The weekly seminar held by the Arab Center for Research and Policy studies, welcomed Randa Serhan, on April 16 2014, to present findings from her research work on the “The Formation of Arab American Identity across Three Eras”. The time periods in question referred to the period before 1924; the period between 1965 and 2001; and finally the post 9/11 era.
Serhan explained that the earliest Arab immigrants arriving to the US before 1924 did not, as expected, lose their identity. Despite the second period witnessing greater numbers of Arab migration, the physical presence did not translate into into an effective Arab political presence and was instead influenced by the emergence of postcolonial nation-states.
Serhan held that the aftermath of 9/11 was the most significant period thus far for the formation of Arab-American identity. Throughout this time, Islamophobia spread in parallel with a more active role for Muslim community associations.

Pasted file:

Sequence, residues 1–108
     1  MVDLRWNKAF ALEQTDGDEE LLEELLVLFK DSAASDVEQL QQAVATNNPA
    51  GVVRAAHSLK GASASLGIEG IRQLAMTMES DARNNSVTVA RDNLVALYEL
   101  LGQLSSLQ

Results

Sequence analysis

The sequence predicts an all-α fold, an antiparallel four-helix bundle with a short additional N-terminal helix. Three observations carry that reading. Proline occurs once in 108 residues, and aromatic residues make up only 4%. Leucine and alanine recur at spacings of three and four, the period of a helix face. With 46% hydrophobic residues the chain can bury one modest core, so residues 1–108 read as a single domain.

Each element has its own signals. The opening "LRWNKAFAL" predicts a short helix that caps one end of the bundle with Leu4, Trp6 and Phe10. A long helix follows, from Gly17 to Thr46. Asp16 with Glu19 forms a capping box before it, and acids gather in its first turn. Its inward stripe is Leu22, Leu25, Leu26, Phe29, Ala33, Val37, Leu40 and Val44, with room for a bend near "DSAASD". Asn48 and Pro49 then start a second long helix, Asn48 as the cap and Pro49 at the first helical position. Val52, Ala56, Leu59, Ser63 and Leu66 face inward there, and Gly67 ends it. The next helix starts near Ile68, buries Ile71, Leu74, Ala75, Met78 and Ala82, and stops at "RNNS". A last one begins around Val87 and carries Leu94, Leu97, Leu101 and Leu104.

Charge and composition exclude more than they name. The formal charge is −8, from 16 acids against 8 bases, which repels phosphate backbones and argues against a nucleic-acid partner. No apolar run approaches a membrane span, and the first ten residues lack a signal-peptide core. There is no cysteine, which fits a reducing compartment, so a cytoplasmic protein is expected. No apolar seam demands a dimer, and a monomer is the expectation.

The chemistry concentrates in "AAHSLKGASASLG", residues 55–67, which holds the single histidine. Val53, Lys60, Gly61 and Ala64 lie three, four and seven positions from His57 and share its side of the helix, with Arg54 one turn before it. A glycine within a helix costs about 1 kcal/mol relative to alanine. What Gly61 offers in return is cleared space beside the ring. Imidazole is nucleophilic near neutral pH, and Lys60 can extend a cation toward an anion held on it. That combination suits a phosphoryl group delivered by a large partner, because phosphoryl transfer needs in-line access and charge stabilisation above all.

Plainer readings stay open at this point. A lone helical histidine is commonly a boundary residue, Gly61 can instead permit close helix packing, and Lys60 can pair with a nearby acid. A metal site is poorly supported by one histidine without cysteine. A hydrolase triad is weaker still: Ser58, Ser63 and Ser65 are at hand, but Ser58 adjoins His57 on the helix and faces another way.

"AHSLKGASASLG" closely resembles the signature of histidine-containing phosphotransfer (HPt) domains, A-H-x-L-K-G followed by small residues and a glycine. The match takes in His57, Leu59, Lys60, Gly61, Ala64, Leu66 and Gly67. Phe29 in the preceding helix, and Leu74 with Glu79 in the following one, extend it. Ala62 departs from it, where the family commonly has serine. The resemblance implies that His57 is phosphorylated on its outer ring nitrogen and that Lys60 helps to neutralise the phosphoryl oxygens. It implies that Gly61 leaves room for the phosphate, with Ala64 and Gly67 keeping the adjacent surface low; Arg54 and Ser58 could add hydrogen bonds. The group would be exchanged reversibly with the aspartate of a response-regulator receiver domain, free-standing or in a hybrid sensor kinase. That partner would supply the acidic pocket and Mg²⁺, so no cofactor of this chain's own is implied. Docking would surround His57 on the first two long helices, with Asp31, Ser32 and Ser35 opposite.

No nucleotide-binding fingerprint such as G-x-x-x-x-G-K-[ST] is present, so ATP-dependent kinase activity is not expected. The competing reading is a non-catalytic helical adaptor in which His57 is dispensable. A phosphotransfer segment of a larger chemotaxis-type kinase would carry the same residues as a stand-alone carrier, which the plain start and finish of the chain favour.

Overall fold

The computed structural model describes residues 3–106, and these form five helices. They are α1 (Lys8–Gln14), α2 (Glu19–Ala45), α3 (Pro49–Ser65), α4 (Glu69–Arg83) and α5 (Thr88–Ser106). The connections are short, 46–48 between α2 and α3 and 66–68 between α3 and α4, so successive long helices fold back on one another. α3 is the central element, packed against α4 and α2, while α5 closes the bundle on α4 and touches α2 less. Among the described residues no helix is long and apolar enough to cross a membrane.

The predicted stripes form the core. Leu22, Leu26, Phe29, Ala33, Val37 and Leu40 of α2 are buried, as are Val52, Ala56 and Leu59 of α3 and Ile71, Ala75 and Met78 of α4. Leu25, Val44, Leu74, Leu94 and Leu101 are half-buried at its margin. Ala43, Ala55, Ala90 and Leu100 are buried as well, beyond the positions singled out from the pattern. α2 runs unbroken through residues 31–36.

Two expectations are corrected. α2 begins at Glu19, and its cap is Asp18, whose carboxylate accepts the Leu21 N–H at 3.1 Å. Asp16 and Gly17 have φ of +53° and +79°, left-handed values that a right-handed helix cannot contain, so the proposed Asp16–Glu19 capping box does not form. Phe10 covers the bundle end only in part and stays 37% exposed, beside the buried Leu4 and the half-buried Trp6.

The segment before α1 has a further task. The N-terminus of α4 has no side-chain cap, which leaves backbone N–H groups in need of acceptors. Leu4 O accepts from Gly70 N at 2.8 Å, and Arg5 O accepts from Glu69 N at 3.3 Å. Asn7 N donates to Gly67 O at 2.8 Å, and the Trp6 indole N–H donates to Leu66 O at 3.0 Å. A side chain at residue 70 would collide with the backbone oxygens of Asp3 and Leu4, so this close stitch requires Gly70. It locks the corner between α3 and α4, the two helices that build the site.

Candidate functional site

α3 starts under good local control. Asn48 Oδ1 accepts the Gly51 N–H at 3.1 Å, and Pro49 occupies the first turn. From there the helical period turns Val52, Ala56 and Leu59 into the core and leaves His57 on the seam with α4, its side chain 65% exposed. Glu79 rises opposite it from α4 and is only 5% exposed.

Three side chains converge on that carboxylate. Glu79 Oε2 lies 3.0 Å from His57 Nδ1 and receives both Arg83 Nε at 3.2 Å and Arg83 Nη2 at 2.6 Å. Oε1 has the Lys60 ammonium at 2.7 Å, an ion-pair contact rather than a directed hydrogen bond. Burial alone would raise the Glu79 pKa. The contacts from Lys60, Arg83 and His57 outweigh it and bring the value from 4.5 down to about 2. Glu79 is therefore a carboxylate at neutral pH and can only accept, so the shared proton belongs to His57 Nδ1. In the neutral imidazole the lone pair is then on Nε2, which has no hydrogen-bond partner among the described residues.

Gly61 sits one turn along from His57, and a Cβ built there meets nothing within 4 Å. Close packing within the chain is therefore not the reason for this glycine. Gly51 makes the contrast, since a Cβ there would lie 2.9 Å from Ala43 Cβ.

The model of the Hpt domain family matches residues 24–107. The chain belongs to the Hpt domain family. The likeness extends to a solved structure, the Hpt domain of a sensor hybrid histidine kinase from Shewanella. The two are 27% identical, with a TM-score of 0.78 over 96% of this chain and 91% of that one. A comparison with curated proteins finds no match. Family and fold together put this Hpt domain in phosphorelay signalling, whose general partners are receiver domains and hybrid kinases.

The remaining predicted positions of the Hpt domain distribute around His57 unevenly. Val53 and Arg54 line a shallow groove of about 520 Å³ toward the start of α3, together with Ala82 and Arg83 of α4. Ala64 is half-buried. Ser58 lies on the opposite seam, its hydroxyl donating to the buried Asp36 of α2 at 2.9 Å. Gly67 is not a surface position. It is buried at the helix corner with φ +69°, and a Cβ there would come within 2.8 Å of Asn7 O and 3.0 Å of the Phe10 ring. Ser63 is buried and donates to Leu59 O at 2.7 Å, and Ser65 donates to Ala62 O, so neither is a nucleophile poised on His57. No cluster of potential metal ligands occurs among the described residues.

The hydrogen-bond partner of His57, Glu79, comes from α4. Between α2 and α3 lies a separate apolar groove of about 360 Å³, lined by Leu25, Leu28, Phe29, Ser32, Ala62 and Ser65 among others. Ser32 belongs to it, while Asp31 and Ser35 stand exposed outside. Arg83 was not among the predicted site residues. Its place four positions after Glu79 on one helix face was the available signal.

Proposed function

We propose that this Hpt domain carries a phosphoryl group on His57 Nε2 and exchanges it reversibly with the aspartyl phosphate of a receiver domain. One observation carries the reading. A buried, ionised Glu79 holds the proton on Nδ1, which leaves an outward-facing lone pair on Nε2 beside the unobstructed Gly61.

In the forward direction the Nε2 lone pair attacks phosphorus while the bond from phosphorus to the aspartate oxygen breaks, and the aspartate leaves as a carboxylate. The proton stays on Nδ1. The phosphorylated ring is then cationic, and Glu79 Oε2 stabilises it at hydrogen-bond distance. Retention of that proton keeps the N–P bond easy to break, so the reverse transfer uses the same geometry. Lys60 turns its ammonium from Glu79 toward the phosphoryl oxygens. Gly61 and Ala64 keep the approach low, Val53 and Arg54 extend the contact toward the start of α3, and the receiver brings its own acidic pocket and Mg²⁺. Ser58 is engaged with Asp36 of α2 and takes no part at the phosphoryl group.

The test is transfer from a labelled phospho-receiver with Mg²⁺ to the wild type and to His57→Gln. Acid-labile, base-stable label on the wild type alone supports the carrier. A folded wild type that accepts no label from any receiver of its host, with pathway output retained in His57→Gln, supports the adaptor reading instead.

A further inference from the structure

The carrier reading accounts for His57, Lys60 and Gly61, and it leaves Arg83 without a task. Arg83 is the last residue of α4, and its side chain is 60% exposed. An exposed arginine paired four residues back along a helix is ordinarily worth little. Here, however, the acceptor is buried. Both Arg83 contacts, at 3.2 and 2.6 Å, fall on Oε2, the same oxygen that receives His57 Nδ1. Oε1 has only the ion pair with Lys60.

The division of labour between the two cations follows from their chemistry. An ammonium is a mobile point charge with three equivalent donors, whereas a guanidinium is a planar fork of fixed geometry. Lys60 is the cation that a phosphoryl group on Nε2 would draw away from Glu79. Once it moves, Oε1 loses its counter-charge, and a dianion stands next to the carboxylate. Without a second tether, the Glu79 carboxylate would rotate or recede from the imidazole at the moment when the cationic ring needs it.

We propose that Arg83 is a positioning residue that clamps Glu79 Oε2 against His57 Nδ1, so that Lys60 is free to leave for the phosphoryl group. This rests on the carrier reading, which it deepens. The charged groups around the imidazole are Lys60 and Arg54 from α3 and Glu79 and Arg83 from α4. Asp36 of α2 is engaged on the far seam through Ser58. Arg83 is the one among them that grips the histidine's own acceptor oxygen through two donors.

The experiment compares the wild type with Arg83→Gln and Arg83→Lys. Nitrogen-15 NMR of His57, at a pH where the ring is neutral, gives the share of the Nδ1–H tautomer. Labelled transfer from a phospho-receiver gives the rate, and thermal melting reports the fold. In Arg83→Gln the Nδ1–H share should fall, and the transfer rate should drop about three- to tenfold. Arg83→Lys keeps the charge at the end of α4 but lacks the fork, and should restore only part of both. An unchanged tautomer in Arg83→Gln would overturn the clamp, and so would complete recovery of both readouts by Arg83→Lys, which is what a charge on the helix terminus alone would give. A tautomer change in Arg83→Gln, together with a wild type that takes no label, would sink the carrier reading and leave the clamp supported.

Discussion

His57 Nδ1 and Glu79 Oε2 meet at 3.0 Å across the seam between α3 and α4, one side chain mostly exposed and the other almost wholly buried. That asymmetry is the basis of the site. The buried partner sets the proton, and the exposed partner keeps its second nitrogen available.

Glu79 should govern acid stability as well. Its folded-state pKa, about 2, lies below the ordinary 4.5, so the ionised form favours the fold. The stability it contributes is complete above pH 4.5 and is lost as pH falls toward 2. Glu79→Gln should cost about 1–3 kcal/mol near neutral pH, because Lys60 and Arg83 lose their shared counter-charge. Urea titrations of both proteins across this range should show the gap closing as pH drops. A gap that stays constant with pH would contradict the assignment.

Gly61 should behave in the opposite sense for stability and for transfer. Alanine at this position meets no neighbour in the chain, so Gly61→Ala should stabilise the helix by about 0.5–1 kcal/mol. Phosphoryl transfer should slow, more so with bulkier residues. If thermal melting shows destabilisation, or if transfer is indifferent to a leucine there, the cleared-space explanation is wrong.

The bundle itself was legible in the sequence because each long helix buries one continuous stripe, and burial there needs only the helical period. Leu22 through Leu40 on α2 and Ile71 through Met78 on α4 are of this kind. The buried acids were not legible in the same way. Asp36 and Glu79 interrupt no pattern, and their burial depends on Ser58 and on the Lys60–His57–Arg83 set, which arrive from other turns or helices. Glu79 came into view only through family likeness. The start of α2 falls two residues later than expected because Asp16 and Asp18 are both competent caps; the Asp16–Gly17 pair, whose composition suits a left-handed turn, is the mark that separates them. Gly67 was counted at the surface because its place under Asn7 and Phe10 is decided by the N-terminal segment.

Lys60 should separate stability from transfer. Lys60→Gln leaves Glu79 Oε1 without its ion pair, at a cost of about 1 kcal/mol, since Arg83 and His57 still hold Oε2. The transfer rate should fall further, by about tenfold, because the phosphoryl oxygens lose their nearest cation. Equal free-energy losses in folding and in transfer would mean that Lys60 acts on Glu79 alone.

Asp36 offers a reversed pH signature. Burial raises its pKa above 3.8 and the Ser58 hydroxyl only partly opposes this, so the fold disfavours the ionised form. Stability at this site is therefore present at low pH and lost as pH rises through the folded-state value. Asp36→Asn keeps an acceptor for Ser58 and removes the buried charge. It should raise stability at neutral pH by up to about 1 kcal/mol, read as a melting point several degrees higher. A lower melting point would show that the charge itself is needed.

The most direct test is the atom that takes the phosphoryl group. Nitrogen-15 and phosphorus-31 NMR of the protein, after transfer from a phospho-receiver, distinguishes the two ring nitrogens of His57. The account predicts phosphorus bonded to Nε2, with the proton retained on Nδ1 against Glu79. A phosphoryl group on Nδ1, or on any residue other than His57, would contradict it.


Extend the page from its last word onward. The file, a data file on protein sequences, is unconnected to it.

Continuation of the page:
The lecture concluded with a discussion on the mutual influences between Arab Americans and the country of origin, especially in the first migration, the measures required to enhance the role of Arab Americans, the role of academics, and the effects of globalization and other relevant topics.
Dr. Serhan is a social scientist and the director of Arab Studies at the American University in Washington DC. She is a Palestinian of origin who grew up in Kuwait and has lived in Lebanon and the United States. She received her PhD from the University of Columbia, for her ethnography of Palestinian Americans in New York and New Jersey. Her research interests are related to migration, citizenship, and identity politics. She has published a number of papers on Arab Identity in the USA, and jointly edited the book: “American Democracy and the Pursuit of Equality”. She taught at the University of Colombia for 7 years, as well as at the American University in Beirut.
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